Father Donald Senior, CP

Feb. 11: 6th Sunday in Ordinary Time

Wednesday, February 7, 2018

Be imitators of Christ

Lv 13:1-2, 44-46; Ps 32:1-2,5,11; 1 Cor 10:31—11:1; Mk 1:40-45

Some years ago, I received an unexpected call from the head nurse at the leprosarium in Carville, Louisiana, the only federal hospital for those suffering from Hansen’s disease (it closed in 1999). At that time, they were preparing a video to educate the public that leprosy was in fact curable, and she asked about the Bible’s view of “lepers.” 

She told me that virtually no patient who had completed treatment at Carville was ever hired because of the taboo about leprosy as being high contagious — a taboo fed by the notorious description of leprosy in the Bible. 

The heart of that terrifying description is found in our first reading this Sunday from the book of Leviticus. Once the priests determined that anyone had contracted leprosy they were condemned to a living death — declared “unclean,” forced to live outside the village or city, required to cry out “unclean, unclean” if any healthy person should approach them.  

Cultural anthropologists tell us that in traditional societies skin diseases, such as biblical leprosy (which was probably not Hansen’s disease but a virulent form of psoriasis), are highly tabooed and seen as a symbol of death itself. For that reason, “lepers” were not to touch any living being or to cross the boundary that stands between the living and the dead.

This taboo or boundary is what gives the Gospel passage for this Sunday such force — Jesus’ healing of the leper, the climactic scene of his first full day of healing in Capernaum. Contrary to the demands of Leviticus, the leper dares to approach Jesus, “kneeling down” and “begging” him: “If you will, you can make me clean.” 

Equally forceful is Jesus’ response. The Greek word used to describe Jesus’ emotional reaction — here translated somewhat anemically as “moved with pity” — is “splagnistheis,” which literally means Jesus’ “guts” (“splagna” in Greek) were stirred. Jesus was deeply and emotionally moved by the plight of this man kneeling before him.  

Also defying the injunctions of the law, Jesus reaches across the boundary of death and touches the man, while fiercely saying: “I do will it. Be made clean.” As the story concludes, Jesus instructs the man to go and show the priests that he is cured, so he can be integrated into the community of the living.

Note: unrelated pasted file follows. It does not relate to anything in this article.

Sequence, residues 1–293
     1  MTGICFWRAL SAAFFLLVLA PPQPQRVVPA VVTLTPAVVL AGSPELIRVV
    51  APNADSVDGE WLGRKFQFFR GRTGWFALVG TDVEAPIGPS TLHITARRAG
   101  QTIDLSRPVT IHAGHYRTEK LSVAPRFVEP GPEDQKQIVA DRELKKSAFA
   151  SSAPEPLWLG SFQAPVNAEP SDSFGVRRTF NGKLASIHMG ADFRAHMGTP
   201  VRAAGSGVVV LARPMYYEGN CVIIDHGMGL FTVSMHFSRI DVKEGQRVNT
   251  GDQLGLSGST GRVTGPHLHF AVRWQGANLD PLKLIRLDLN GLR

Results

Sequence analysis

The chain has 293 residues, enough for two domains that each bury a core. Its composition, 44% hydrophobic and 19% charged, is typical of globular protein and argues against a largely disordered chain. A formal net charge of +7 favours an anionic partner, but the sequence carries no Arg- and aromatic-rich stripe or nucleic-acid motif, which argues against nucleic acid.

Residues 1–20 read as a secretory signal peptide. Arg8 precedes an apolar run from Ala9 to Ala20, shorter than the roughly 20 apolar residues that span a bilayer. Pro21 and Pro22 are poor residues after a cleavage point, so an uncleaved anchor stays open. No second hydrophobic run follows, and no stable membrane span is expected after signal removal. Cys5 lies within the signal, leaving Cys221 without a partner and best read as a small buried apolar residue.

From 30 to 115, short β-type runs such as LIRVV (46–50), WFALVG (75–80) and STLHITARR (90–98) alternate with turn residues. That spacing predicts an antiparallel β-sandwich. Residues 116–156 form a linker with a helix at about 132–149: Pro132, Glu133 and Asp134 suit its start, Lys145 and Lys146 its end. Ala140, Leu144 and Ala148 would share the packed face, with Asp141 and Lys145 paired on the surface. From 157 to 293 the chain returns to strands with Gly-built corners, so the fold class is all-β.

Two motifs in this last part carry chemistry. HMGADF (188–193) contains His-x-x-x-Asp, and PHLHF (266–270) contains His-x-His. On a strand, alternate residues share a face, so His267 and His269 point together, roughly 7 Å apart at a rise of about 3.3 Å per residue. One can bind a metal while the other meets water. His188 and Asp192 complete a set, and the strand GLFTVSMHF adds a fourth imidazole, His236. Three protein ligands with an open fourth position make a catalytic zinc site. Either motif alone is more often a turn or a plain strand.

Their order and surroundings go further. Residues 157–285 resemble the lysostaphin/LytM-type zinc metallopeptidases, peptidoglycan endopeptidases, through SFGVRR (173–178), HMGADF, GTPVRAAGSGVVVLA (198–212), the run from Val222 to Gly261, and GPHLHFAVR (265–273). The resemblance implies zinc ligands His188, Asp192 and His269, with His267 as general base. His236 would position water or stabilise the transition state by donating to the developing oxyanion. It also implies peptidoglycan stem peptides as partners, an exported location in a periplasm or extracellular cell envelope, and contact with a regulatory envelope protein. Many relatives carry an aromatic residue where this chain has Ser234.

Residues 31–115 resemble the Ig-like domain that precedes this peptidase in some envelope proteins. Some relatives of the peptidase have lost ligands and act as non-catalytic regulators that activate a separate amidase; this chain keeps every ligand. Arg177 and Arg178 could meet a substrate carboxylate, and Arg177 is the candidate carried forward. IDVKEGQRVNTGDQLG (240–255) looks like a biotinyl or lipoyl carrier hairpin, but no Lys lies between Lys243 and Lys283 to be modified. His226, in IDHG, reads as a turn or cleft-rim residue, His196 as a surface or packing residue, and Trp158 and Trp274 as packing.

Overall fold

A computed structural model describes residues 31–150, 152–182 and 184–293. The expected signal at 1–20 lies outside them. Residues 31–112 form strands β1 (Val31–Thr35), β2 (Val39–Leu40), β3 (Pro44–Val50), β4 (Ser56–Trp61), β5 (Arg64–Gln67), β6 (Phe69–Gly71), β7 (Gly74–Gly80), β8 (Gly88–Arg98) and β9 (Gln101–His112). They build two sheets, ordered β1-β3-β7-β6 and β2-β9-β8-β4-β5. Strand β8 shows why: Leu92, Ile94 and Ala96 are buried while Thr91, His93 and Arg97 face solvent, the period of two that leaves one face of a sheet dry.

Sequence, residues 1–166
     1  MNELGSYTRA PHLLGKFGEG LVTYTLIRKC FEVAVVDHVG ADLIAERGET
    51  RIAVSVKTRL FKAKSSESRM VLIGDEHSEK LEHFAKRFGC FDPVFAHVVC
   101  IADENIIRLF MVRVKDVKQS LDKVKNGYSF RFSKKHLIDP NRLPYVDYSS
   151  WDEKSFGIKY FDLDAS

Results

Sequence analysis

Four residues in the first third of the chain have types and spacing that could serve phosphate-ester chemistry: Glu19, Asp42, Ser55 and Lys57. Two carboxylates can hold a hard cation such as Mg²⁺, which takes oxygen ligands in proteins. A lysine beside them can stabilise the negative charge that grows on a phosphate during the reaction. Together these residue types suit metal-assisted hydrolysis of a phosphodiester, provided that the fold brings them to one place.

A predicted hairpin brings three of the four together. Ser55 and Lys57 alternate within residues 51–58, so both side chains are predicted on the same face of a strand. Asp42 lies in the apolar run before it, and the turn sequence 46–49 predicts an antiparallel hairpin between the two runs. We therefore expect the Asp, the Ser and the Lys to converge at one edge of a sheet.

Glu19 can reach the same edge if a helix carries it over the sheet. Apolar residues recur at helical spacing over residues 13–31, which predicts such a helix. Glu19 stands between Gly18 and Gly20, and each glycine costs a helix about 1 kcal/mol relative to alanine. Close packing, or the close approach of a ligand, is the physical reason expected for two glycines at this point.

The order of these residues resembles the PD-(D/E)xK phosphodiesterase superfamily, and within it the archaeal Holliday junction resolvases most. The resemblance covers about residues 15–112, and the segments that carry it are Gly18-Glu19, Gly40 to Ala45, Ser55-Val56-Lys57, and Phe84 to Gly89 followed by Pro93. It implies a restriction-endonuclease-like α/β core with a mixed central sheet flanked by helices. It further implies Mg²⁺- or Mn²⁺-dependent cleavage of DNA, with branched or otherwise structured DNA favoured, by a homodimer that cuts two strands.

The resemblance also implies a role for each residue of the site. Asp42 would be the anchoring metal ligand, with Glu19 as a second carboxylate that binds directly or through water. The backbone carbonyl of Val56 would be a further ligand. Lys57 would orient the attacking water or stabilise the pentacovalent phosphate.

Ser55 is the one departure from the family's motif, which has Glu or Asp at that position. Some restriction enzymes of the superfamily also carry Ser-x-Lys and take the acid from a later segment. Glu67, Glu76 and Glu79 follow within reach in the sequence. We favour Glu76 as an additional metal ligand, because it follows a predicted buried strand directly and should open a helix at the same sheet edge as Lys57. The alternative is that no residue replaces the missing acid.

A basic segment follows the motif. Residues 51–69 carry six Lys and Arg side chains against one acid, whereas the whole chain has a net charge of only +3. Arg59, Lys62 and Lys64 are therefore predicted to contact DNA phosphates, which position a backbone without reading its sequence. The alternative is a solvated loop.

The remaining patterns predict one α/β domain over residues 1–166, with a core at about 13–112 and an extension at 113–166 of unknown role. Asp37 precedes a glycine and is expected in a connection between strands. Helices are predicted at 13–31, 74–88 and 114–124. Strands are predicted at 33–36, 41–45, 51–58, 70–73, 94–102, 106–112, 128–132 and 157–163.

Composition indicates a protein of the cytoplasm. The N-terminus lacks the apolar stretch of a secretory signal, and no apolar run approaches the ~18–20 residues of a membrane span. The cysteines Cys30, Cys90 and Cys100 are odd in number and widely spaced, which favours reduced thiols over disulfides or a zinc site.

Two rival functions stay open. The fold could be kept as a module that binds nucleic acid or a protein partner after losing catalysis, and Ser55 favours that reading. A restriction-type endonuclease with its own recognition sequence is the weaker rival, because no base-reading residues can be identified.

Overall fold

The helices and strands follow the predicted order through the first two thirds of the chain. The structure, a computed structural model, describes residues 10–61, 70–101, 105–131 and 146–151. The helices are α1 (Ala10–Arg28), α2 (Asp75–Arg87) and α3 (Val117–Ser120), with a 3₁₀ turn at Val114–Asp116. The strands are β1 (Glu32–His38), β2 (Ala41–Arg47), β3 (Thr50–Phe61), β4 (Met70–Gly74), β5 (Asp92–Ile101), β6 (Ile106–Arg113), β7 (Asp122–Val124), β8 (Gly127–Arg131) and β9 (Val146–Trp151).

This is a striking Gospel passage. Both the leper and Jesus risk crossing boundaries to bring healing and to experience life, a phenomenon seen in other Gospel healing stories. We all know that serious illness, addiction or trauma can isolate us from our ordinary way of life. 

People in such circumstances — grappling with physical, psychological or spiritual suffering — can feel isolated, cut off from the vital network of ordinary life. Such an experience can also be on a social level —minorities or migrants, people who because of the color of their skin or the culture from which they come can be excluded, judged as threatening strangers by the majority.  

It is no secret, obviously, that our own country is wrestling with this issue right now. No doubt there are complex economic and legal issues involved in addressing immigration, as well as grappling with the infection of racism that lingers deep in our national soul. 

The dramatic story of the healing of the leper in today’s Gospel does not offer quick solutions for these personal and social issues. But as a powerful expression of the mission of Jesus, who crossed boundaries and reached out to heal those rejected by society, we realize that this is a fundamental perspective of our Christian faith, a perspective or starting point we need to bring to situations when we as individuals and as a society are faced with those who make a claim on our compassion.  

Note, too, that the brief second reading for today from Paul’s letter to the Corinthians reflects this same Christian DNA — the apostle strives to be open to everyone, “not seeking my own benefit but that of the many, that they may be saved. Be imitators of me, as I am of Christ.”


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